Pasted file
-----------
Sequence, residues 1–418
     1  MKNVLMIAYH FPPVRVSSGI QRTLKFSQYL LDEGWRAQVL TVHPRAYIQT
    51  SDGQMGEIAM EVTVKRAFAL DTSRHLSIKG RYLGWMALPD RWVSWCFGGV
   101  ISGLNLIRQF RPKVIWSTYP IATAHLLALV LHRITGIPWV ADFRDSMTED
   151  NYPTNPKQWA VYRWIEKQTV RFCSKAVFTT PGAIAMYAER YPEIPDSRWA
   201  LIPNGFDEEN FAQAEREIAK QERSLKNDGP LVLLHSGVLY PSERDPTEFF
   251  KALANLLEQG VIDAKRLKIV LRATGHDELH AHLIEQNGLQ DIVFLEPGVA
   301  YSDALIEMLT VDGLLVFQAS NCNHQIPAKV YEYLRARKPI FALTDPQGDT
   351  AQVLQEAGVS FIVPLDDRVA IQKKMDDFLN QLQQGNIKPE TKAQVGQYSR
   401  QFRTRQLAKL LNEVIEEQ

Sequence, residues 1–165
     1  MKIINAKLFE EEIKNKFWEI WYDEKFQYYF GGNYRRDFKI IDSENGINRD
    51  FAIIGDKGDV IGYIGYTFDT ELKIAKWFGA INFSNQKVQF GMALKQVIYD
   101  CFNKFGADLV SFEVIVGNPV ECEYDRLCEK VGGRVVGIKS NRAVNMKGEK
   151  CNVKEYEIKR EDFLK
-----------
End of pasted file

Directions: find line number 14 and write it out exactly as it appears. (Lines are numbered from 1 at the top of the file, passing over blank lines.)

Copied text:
   101  CFNKFGADLV SFEVIVGNPV ECEYDRLCEK VGGRVVGIKS NRAVNMKGEK